"District knows best"

      As you may or may not know, children in special education tend to have paper trails a mile long. In an effort to organize and consolidate their files, our school district had the fantastic idea of making every special education teacher dig through their students' cumulative files to reclassify and reorganize documents, as well as to shred all duplicate documents (or triplicates or septicates, etc). Sounds like a great idea in theory, but I spent two hours going through one student's files this afternoon. Okay, so times nine would be EIGHTEEN HOURS spent knee-deep in paperwork. Yuck.
      I love my job, I love my job, I love my job, I love my job, I love my job.....

      The freedom to clean

      This week is finally over!! I thought spring break would never come... The kids were really antsy on Friday (almost as antsy as I was)! As the last bell rang, all I could think was "freedom, sweet, sweet freedom!!". And then after the kids were gone and I was standing there in the middle of the debris left in the classroom, I realized that chaos still reigns even without the students. I looked around me (you'll remember what my desk looks like) and saw all the loose papers, all the clutter, all the dust, all the candy wrappers and the Easter grass littered on the floor, and with a big sigh I resigned myself to coming in over the weekend and restoring some order.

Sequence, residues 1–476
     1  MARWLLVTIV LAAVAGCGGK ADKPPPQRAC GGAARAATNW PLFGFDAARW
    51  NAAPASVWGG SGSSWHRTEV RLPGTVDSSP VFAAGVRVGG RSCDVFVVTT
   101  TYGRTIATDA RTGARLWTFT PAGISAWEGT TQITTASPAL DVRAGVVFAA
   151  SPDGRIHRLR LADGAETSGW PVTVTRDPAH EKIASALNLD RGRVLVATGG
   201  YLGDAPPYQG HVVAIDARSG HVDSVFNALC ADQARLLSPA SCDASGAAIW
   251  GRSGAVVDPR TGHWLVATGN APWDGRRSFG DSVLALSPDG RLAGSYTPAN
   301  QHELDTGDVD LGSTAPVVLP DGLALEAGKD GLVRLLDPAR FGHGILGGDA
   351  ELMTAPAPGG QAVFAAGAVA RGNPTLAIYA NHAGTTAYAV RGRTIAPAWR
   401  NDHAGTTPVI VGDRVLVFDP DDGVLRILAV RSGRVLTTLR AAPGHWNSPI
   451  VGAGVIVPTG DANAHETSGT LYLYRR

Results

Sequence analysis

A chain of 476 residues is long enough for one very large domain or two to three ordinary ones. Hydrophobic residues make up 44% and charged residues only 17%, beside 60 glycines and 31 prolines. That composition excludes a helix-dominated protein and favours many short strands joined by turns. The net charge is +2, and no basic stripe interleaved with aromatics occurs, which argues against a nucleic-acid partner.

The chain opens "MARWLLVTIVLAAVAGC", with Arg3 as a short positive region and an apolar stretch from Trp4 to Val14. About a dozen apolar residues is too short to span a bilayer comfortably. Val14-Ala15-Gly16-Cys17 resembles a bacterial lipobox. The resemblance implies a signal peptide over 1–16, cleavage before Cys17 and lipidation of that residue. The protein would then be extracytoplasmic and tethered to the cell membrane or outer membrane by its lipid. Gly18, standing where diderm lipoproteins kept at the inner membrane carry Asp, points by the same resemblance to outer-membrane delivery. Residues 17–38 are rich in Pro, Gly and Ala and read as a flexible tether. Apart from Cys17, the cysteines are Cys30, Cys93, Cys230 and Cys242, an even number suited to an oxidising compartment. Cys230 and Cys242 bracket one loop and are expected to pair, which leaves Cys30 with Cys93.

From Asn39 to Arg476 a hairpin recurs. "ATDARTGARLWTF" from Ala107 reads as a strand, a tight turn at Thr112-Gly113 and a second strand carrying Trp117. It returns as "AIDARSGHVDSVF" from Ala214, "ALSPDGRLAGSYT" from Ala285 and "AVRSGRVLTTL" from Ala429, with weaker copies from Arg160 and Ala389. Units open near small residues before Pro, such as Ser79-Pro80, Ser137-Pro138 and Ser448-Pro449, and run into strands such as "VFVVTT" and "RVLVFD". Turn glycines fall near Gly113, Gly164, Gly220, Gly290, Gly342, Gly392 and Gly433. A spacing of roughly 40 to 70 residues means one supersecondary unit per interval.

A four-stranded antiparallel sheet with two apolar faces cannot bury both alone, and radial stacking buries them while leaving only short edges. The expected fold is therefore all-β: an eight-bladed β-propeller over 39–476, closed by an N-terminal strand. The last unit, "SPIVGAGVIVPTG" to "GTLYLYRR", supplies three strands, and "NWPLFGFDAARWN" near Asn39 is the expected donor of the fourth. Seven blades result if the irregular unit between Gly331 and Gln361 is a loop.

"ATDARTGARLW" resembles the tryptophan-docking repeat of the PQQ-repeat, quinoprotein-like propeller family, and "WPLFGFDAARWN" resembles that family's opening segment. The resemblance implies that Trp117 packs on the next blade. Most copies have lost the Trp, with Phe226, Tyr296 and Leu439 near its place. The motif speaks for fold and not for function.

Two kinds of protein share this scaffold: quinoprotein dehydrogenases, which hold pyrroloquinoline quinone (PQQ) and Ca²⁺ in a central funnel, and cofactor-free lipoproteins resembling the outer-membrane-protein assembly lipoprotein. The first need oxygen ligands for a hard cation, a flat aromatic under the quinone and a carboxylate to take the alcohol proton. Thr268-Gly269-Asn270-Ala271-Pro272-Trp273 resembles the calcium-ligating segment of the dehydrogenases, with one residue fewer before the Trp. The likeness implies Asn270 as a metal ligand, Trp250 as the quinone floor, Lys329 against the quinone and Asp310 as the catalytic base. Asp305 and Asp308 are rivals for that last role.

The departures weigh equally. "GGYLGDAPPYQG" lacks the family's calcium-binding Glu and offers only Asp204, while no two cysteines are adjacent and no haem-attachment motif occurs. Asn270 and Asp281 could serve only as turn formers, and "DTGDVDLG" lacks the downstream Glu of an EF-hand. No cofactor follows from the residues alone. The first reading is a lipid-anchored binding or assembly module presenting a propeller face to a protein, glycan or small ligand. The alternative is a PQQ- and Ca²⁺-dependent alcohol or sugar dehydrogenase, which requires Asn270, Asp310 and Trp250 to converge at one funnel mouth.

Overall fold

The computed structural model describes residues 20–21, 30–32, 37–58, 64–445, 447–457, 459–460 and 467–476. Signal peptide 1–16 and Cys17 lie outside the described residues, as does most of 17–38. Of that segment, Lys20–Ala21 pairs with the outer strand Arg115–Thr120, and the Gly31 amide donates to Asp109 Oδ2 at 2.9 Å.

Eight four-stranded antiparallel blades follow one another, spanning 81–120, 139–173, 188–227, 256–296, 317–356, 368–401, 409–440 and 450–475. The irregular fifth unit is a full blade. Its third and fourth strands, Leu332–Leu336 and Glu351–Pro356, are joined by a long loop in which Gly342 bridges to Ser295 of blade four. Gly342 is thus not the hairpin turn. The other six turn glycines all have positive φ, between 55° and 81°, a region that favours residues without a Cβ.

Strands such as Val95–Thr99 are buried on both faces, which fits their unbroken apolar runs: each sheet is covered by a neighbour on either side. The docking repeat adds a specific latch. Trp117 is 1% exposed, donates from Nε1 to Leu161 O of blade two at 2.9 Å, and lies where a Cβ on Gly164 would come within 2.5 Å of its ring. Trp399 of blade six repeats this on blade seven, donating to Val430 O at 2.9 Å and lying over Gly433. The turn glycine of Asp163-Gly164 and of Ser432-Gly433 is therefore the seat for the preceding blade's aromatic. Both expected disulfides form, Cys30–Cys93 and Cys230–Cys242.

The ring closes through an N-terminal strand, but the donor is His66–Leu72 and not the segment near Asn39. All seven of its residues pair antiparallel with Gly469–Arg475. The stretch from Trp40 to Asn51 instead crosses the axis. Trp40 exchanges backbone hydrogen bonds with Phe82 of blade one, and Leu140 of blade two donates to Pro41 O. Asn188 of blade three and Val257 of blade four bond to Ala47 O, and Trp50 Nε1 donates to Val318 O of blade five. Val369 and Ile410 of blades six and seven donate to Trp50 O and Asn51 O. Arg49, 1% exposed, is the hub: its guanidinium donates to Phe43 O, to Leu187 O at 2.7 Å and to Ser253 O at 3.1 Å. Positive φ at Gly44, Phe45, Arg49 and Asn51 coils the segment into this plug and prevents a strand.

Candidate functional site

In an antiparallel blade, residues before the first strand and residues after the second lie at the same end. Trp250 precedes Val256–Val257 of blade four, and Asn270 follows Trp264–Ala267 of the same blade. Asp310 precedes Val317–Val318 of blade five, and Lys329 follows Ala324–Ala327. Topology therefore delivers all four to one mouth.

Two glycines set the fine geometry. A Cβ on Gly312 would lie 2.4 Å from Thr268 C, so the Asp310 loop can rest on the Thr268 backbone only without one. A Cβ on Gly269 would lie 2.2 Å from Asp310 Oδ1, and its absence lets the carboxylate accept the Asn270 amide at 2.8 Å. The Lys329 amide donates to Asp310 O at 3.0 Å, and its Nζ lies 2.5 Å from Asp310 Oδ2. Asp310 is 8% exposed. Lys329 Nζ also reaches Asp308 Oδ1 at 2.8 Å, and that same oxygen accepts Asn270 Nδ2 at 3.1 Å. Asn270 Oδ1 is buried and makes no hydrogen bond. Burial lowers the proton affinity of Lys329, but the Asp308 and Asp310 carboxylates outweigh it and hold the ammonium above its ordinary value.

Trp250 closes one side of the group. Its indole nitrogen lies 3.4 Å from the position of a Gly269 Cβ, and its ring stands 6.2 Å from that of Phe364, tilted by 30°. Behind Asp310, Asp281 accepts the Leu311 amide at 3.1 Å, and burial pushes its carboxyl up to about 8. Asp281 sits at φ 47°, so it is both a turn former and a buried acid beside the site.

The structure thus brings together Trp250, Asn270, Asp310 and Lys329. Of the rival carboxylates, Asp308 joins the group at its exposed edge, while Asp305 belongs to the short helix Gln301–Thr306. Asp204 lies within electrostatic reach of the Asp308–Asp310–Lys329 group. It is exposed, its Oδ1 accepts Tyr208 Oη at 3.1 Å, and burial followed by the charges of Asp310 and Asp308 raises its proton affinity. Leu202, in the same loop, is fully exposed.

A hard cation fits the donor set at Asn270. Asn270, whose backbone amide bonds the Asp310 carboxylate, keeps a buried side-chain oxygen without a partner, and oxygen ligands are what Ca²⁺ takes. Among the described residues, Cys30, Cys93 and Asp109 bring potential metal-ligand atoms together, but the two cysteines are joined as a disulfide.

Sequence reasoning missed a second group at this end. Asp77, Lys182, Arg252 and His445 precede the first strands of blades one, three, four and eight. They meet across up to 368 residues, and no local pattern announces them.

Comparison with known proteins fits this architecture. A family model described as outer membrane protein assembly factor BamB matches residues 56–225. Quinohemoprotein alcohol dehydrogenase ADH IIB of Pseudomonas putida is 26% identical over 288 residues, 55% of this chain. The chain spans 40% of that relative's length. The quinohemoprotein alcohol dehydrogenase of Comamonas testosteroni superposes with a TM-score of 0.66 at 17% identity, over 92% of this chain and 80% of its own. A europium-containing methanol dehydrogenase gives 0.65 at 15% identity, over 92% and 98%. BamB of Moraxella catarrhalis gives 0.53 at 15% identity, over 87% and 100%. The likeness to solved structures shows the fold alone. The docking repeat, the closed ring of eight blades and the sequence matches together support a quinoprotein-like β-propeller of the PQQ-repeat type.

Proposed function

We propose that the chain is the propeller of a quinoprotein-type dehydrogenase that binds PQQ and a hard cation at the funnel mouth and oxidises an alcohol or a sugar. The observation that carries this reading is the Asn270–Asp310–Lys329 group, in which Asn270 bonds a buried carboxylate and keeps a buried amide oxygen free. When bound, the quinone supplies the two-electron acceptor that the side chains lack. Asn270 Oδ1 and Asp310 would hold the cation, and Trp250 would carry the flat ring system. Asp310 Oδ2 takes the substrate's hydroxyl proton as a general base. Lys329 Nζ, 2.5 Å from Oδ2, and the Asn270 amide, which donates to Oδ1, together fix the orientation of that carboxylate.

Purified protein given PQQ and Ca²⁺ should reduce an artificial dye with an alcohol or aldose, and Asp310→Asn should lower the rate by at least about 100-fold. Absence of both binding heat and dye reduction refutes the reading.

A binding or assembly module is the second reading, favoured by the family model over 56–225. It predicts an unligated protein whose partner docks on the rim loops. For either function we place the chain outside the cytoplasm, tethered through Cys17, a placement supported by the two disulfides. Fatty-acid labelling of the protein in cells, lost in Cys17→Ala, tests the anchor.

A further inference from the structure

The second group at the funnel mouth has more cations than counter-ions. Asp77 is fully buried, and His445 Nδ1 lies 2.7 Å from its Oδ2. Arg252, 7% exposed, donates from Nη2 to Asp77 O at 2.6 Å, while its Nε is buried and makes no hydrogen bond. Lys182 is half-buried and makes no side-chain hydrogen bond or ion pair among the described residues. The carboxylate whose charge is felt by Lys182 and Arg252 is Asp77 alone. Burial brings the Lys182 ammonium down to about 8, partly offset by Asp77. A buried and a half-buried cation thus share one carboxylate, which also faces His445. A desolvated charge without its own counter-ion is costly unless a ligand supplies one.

Little did I know how long that would take me... I spent six hours cleaning up and setting up the room today. The first two and half hours were spent clearing my desk alone! I found some pretty old stuff on my desk (unseen in the picture in the previous post). I found five loose pumpkin seeds, a couple of memos from September 1st (guess they weren't that important), and a paper bat we'd made back in October. Ahem... pretty embarrassing. The rest of the time was spent taking down Easter and putting up an ocean theme to greet the kids when they come back. Now all I have to do is go back tomorrow and actually get some planning done! So much for freedom :).

      Spring is in the air

      Ahhh... my first day back this week, and I'm already dreaming of the weekend. My kids have been suffering from cabin fever; apparently during the two days I was gone, they were stuck inside for every single recess and lunch break. This means that it now takes no more than a glance their way to get them in a tailspin. My classroom wasn't big enough to separate them all to different corners. Every ten seconds, somebody would whine "Stttoooooooopp!" to another student. No child was safe when my back was turned. The slightest provocation (intended or otherwise) would cause tears, whining, pouting, accusations, and chaos.
      I'm so glad today is over. Now I can go home and whine....
      Newer Posts Older Posts Home